The only thing he does is he will strengthen the federal government and turn it into a totalitarian gang. This will ensure that the LGs look down on the states and see the FG as their administrator. It turns states into empty shells. It will create recalcitrant politicians who will flirt with the FG to undermine states.

This will move the alliance of people from local communities in their states to the FG, the same cancer communities and humanity have fought for generations. Simply put, FG has nothing to do with local government affairs.

We are talking about devolution of powers. The FG has failed to delegate powers to the states, but seeks to ally itself with the LGs to potentially undermine the state and now claims to want to delegate power to the LGs. If the LGs are under the control of the FG, it simply means that we are in a unitary system disguised as a democracy.

There is the argument that states are overwhelming LGs, grabbing their resources, designing their projects and even sometimes implementing them for them. If that’s the case, the solution isn’t for the feds to literally take the same control over LG.

If the states control the LGs, the solution is not for the feds to seek control of the same LG, when in reality the FG is far more corrupt than the states. The solution is for states to be forced to make laws that will ensure political and financial transparency at the LG level. That the FG now claims to have a puritanical ethic is a shock, affirming that it can better manage and confidently hold the resources of the LGs.

It’s even more tragic that some people believe this, albeit for personal gain.

We have to understand that the term LG Autonomy as it is defined by the federal government is another scam. It is mischievous if not dubious. It is a landmine to scuttle federalism and its strict rules.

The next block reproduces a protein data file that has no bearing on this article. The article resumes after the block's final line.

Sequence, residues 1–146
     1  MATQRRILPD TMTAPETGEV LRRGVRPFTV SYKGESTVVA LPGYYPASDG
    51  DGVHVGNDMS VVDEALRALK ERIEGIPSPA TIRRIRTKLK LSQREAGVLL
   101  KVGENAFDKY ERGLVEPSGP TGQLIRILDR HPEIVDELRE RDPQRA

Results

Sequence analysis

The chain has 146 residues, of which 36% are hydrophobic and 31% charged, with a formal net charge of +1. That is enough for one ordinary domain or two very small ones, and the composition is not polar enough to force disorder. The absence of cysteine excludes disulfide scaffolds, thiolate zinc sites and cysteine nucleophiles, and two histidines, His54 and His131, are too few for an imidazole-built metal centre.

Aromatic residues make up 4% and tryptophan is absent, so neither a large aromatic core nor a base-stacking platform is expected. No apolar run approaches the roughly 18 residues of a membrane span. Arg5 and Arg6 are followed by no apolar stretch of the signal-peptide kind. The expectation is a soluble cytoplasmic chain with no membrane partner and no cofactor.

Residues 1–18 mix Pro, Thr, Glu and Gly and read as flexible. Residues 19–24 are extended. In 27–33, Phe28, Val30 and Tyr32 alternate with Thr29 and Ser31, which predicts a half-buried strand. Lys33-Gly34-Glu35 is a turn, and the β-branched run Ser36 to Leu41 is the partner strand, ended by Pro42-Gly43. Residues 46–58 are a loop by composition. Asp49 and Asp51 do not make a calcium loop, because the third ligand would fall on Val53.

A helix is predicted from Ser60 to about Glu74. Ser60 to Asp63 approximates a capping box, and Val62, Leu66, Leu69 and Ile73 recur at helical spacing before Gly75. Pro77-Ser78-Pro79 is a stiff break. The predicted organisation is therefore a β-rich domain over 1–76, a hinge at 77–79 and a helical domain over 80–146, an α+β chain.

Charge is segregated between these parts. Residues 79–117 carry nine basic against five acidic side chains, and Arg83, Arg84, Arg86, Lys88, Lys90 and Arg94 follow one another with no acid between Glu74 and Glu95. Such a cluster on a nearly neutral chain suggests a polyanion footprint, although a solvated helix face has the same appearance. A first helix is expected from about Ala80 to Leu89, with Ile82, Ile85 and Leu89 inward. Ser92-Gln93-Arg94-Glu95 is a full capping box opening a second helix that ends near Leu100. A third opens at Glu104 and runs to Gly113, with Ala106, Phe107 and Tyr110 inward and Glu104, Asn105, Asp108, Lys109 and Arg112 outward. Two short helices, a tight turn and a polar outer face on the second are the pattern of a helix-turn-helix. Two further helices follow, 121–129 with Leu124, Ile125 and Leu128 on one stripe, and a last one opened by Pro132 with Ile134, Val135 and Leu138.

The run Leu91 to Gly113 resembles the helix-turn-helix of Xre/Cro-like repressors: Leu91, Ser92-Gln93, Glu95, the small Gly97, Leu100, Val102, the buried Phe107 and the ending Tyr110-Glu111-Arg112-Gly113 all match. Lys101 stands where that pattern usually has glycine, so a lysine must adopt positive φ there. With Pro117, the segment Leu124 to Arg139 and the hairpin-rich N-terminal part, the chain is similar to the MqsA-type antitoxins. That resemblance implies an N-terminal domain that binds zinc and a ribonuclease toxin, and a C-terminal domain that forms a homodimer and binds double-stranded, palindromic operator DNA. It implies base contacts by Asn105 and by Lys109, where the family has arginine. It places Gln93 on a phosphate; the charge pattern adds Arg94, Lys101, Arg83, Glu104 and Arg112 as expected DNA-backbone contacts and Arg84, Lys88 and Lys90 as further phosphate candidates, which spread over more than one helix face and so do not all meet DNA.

If the FG releases funds directly from Abuja to the LGs, it does not mean that the LGs are self-sufficient. This simply means that the FG now controls the resources of local governments since the funds are always within the bounds of political authority outside the states.

This means LGs and the millions of people there now exist at the mercy of the federal government. This is a very destructive long knife aimed at cutting to pieces the century-old struggle for federalism in Nigeria. I urge states that understand the meaning of this dire proposition to make their own laws to subject LGs to total state direction.

If the FG removes the LGs, the States will have nothing left to put us all in great misery. Nigerians must stand up and mobilize against the push for LG autonomy. It is a threat to the self-determination of indigenous communities. NULGE does not own the LGs. LGs belong to us the people.

I understand that some progressive NULGE officials are with us.

Yet, in reality, NULGE will not decide for us what is good for us. He can decide for his handful of members.

The communities who are the real guardians of power in local government areas are the real people who can determine their fears and aspirations, not NULGE.

The future is in our hands. Let’s grab it.

Adewale Adeoye